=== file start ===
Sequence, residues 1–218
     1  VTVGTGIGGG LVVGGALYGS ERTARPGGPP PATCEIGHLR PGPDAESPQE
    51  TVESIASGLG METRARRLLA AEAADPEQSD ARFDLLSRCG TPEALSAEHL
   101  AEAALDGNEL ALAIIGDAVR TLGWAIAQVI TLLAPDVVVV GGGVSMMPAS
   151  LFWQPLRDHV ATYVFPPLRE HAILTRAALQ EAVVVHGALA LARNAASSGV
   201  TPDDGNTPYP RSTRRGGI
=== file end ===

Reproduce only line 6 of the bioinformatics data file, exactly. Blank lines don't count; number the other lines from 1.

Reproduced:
   201  TPDDGNTPYP RSTRRGGI